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thunder

O.E. þunor, from P.Gmc. thunraz (cf. O.N. þorr, O.Fris. thuner, M.Du. donre, Du. donder, O.H.G. donar, Ger. Donner "thunder"), from PIE (s)tene- "to resound, thunder" (cf. Skt. tanayitnuh "thundering," Pers. tundar "thunder," L. tonare "to thunder"). Swed. tordön is lit. "Thor's din." The intrusive -d- is also found in Dutch and Icelandic versions of the word.

The "d" in Swedish "tordön" comes from "Thor's din", and the question arises, namely whether the common "d" appears in English "thunder", Dutch "donder", and Icelandic word has the same origin as the Swedish word?

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2 Answers 2

up vote 7 down vote accepted

Campbell (2004: 36) gives the OE form of 'thunder' as þunrian (though whether this OE form or the other is considered shouldn't affect the explanation), and indicates the addition of the stop consonant to be an example of excrescence, along with þy:mel > thimble.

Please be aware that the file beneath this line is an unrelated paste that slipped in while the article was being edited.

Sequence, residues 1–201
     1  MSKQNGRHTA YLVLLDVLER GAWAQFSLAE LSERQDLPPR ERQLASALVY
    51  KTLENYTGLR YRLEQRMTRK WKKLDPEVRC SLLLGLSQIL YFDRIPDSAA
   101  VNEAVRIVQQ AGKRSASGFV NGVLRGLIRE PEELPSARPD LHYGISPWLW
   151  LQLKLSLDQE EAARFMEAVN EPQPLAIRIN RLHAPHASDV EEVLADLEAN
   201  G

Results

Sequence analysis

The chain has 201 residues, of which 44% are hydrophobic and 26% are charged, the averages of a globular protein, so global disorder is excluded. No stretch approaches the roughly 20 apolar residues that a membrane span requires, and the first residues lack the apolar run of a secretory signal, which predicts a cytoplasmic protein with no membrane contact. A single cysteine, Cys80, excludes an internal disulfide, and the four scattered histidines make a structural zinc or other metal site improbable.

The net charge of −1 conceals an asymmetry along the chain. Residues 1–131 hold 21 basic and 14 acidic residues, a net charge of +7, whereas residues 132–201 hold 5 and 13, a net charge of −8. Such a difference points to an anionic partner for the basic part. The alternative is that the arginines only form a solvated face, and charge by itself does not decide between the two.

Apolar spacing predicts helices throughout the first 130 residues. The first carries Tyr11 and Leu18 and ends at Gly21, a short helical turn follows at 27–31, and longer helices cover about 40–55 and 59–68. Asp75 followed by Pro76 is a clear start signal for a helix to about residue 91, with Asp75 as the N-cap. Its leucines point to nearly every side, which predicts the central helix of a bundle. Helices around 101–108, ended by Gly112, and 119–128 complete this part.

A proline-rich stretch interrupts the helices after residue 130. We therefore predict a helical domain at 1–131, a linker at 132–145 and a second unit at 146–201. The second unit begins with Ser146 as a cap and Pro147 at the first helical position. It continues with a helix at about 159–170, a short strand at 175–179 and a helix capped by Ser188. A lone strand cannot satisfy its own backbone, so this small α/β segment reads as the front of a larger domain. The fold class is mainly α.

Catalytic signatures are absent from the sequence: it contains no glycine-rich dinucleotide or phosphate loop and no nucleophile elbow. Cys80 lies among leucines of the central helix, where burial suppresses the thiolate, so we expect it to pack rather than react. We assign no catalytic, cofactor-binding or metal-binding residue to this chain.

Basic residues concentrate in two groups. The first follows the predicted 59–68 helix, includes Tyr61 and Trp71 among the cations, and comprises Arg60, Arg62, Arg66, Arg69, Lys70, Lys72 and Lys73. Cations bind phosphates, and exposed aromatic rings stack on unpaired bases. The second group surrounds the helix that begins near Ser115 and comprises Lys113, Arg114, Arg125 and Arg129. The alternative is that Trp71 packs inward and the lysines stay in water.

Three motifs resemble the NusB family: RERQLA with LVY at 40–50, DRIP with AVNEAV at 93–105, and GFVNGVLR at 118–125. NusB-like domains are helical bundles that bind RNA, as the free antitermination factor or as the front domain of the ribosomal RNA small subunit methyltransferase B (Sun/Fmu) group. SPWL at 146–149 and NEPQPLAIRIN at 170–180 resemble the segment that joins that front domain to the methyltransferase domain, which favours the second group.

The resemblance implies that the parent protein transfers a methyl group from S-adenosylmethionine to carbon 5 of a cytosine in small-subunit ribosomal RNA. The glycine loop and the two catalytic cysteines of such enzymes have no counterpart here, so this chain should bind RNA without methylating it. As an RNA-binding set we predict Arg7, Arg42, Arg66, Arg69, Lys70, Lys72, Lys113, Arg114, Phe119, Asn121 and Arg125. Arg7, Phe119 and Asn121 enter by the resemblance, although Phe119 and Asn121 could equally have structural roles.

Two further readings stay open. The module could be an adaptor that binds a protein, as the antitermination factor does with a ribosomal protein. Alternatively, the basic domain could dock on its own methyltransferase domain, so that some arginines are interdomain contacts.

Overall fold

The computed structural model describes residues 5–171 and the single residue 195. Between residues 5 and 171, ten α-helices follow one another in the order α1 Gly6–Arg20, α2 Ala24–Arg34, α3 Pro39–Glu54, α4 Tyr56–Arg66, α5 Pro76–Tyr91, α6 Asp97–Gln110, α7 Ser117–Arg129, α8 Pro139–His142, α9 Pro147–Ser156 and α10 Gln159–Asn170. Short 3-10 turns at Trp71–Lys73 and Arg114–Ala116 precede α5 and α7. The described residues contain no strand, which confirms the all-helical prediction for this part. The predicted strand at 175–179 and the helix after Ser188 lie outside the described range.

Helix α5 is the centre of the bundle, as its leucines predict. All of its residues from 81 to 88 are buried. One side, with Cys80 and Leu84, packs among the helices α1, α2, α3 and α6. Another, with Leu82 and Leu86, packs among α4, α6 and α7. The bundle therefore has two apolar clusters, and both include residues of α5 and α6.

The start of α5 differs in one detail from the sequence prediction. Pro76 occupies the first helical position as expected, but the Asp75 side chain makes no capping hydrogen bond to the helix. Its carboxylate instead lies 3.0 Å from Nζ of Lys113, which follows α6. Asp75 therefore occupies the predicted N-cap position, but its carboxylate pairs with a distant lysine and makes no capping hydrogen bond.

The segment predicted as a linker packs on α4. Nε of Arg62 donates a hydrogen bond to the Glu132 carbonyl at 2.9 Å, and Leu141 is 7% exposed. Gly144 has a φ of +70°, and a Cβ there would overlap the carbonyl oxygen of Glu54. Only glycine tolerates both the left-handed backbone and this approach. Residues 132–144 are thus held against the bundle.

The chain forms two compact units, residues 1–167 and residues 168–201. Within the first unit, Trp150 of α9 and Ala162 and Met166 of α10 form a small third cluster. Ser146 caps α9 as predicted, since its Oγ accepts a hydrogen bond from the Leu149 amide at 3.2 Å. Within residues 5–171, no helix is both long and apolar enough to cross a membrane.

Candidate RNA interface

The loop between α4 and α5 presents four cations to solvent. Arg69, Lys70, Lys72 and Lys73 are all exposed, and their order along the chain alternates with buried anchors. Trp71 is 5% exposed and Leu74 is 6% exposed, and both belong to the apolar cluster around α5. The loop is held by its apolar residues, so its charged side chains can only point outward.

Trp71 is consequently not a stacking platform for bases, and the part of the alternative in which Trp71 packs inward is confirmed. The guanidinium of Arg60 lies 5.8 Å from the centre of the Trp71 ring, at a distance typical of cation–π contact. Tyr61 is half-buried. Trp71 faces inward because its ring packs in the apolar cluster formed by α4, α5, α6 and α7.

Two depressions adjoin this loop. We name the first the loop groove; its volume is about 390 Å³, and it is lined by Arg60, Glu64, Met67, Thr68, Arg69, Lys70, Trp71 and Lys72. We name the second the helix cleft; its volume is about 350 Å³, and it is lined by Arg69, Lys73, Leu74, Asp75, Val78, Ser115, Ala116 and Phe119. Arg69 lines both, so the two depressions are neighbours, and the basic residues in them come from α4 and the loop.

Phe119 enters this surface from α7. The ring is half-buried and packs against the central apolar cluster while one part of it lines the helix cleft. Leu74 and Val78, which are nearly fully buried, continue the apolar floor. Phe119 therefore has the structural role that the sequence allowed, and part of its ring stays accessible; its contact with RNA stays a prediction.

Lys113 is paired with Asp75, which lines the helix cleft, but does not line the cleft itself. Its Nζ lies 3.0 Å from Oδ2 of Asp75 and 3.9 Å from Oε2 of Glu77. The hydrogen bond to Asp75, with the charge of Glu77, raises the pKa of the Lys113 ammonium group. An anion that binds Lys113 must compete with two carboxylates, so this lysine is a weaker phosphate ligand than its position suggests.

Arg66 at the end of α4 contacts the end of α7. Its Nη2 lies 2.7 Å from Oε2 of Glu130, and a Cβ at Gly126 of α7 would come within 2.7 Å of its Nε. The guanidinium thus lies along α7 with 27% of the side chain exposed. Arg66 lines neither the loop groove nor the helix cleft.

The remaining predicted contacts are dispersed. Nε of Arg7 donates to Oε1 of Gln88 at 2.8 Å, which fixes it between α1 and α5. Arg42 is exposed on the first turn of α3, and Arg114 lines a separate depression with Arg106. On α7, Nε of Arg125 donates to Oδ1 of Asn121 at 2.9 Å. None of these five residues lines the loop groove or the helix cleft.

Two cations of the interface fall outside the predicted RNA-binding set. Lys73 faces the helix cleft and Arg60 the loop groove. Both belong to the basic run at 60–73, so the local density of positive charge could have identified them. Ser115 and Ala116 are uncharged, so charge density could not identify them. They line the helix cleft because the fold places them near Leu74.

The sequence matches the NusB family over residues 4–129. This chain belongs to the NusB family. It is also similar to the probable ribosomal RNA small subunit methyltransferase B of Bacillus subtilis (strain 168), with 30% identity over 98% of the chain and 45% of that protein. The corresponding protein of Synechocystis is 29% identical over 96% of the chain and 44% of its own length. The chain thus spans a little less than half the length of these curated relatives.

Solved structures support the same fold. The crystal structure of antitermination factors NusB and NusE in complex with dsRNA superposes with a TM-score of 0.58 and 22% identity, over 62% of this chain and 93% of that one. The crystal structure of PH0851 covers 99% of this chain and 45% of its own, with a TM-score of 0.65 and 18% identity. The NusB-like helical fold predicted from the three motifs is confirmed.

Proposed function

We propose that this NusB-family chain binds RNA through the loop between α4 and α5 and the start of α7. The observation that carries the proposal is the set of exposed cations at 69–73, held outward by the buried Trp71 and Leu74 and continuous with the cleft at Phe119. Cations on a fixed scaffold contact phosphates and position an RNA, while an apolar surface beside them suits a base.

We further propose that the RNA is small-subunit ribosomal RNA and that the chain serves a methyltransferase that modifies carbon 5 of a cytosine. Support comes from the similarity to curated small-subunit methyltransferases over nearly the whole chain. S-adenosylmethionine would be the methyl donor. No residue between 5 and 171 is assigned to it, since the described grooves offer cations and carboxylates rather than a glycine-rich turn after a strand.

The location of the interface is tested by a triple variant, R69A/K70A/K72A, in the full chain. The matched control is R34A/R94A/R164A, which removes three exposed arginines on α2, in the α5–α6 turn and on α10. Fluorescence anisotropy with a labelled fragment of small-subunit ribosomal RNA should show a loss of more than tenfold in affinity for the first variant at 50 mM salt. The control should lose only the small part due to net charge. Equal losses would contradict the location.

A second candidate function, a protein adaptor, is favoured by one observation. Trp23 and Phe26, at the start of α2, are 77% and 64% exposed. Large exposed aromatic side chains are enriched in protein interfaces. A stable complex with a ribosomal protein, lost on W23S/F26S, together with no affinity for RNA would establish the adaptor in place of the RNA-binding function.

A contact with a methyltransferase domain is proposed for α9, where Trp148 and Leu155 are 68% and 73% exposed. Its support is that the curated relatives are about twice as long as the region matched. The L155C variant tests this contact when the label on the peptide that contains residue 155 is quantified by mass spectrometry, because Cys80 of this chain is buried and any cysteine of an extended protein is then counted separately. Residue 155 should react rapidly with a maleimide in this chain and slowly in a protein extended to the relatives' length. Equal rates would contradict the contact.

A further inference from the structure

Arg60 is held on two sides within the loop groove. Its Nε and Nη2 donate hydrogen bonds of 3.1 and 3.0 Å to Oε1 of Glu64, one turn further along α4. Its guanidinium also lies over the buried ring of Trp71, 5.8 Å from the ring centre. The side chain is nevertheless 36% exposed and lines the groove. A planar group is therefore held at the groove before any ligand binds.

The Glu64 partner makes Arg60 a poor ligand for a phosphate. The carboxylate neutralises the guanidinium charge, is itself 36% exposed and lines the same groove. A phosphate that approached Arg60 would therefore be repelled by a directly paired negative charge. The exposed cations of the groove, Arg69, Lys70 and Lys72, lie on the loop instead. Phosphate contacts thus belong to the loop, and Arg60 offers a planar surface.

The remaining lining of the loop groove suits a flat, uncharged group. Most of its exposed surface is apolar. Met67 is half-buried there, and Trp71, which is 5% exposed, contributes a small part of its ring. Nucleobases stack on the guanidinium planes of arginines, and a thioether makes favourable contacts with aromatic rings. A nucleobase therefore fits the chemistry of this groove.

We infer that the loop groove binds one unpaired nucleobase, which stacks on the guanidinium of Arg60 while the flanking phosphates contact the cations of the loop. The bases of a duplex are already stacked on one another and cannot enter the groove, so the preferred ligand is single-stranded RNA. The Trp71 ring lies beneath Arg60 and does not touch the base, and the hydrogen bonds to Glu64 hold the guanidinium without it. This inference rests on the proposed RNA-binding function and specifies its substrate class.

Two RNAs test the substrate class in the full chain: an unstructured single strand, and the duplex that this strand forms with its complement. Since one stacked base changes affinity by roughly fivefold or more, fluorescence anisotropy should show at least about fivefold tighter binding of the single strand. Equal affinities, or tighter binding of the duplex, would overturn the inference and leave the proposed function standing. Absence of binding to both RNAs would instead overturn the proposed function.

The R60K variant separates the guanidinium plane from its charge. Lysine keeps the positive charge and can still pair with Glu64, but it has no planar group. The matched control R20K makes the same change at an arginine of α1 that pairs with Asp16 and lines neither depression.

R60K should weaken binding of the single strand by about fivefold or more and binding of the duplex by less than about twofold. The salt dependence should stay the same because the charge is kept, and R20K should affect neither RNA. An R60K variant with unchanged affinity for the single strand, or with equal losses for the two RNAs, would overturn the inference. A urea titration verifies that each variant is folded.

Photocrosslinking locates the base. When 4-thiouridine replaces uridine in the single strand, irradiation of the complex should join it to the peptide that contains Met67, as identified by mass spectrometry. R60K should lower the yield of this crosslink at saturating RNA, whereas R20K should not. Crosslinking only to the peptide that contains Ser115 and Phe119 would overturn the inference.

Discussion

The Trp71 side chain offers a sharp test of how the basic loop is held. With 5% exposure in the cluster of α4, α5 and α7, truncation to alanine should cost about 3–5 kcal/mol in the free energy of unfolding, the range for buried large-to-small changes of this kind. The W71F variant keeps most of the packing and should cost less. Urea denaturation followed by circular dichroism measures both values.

Note that in both examples the excrescent stop follows a nasal consonant and precedes an oral sonorant. The transition from a nasal consonant to an oral sonorant requires a velum-raising gesture and an obstruction-releasing gesture to happen more or less at the same time. The production of a voiced stop following a nasal consonant happens naturally and spontaneously if the obstruction-releasing gesture lags the velum-lowering gesture just a little bit.

It may also be of anecdotal interest to note that in a number of languages (e.g., Korean, some Amazonian languages) what are described as nasal consonants may be pronounced as either nasals, voiced stops or prenasalized voiced stops.

Campbell, L. (1998/2004). Historical Linguistics: An Introduction. MIT Press.

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Thank you very much!! –  archenoo Oct 27 '12 at 15:11

I can suggest two reasons: The 'd' could have been added under influence from the Norse forms during the Viking age (when English adopted significant quantities of Norse vocabulary and grammar).

Alternatively, it may have been added as a hypercorrection - it's a common tendency in English dialects today to drop the alveolar stops t and d, especially after 'n' ('Toronto' is often pronounced 'Tronna' by residents, for example). The 'd' might have been added by people who wanted to sound more learned, and mistakenly thought they were dropping a 'd' in that word.

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